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      A comparison of lymphatic tissues from cats with spontaneous feline infectious peritonitis (FIP), cats with FIP virus infection but no FIP, and cats with no infection.

      Journal of Comparative Pathology
      Animals, Apoptosis, B-Lymphocytes, pathology, Biological Markers, analysis, Cats, Cell Count, veterinary, Coronavirus, Feline, pathogenicity, Feline Infectious Peritonitis, virology, Granuloma, Immunoenzyme Techniques, In Situ Nick-End Labeling, Lymph Nodes, metabolism, Lymphoid Tissue, Macrophages, Single-Blind Method, Specific Pathogen-Free Organisms, Spleen, immunology, T-Lymphocytes, Thymus Gland

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          Abstract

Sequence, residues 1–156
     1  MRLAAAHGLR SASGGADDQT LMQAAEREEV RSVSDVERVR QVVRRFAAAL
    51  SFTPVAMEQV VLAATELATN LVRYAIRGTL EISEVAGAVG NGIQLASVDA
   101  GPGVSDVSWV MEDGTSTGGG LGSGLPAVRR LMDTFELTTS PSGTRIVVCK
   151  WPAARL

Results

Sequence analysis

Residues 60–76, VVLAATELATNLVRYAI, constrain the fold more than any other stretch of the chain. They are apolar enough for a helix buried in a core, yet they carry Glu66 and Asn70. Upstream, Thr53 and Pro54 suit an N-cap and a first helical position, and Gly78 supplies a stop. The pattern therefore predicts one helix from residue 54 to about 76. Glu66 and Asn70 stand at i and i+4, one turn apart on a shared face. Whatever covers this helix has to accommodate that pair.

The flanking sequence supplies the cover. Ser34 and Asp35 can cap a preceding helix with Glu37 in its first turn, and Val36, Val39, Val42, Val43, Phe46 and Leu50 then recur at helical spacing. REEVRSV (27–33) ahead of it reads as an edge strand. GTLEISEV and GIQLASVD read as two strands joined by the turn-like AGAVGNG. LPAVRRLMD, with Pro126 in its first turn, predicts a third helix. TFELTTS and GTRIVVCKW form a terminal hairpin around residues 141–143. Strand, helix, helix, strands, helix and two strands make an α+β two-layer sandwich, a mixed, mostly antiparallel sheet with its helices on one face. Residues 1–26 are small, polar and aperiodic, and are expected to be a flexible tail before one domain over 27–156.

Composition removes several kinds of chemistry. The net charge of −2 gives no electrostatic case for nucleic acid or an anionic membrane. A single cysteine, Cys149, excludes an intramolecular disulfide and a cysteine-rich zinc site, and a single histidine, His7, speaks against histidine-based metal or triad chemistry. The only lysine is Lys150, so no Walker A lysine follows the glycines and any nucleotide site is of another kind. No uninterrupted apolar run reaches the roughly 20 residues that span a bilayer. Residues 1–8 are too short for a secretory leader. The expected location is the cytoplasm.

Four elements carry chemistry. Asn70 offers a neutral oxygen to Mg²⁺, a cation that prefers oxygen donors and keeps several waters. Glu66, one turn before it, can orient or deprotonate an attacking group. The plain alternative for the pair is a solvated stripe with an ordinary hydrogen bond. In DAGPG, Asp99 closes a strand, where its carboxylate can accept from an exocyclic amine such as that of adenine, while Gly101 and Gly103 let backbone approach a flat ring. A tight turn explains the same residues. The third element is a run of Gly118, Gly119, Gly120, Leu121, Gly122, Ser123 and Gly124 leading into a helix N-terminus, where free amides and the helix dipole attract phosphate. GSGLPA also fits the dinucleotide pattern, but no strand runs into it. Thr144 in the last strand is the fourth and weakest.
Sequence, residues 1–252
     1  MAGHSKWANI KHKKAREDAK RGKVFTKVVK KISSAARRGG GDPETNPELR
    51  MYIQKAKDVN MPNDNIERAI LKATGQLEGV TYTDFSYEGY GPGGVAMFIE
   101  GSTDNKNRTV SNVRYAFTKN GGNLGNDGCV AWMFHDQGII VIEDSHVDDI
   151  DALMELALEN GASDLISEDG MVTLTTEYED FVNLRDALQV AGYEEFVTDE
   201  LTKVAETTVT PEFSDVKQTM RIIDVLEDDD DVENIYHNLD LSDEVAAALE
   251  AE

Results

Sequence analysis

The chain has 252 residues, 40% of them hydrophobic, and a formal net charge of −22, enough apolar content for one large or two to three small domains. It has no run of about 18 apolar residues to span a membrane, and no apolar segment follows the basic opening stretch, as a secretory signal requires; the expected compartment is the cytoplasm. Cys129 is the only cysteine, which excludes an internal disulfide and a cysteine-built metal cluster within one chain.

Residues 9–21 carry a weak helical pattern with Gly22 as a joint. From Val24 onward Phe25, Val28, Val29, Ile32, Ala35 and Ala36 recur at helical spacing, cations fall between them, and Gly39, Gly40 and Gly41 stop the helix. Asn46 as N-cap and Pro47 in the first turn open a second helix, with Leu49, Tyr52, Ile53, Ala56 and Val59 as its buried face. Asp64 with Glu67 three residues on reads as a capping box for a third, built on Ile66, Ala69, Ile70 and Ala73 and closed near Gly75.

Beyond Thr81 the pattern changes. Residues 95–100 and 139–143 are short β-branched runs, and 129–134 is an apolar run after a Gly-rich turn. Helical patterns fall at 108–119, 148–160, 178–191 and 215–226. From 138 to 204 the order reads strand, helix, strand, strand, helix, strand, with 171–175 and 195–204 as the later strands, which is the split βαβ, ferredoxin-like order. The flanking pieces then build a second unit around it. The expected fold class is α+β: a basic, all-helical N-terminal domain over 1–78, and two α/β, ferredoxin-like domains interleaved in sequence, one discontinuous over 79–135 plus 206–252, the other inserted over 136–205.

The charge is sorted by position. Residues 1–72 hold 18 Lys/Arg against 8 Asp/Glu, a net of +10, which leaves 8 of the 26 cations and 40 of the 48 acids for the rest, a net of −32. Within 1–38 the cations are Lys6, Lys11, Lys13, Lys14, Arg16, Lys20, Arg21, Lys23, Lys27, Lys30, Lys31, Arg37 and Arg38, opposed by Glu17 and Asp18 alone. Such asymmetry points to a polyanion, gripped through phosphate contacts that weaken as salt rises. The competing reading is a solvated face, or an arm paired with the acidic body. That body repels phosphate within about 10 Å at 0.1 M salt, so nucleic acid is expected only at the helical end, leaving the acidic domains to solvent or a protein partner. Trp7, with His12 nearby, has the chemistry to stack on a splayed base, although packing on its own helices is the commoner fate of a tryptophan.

Lymphatic tissues (spleen, mesenteric lymph nodes, thymus) from 24 cats with spontaneous feline infectious peritonitis (FIP) were examined by light microscopy and immunohistochemistry for cellularity, cellular composition, and degree of cellular turnover. Additionally, the formation of granulomatous lesions in lymphatic tissues in cats with FIP was examined. For comparison, tissues from 14 specific pathogen-free (SPF) cats and seven cats infected with FIP virus (FIPV; as the result of long-term exposure) but free from FIP were examined. In cats with FIP, the precardial mediastinum (including site of the thymus) and mesenteric lymph node parenchyma were often affected by granulomatous-necrotizing processes. In general, lymphoid tissues showed T- and B-cell depletion, often including massive to complete thymic involution or atrophy. In some cases, the number of apoptotic lymphocytes was increased in lymphoid follicles as well as in T-cell zones. The number of macrophages was increased in the splenic red pulp. In contrast, the FIPV-exposed cats without FIP generally showed a distinct lymphoid hyperplasia. The findings indicated that the major difference in lymphatic tissues between FIPV-infected cats with FIP and those without FIP was the development of lymphocyte depletion in the first group and lymphocyte proliferation in the second. Copyright Harcourt Publishers Ltd.

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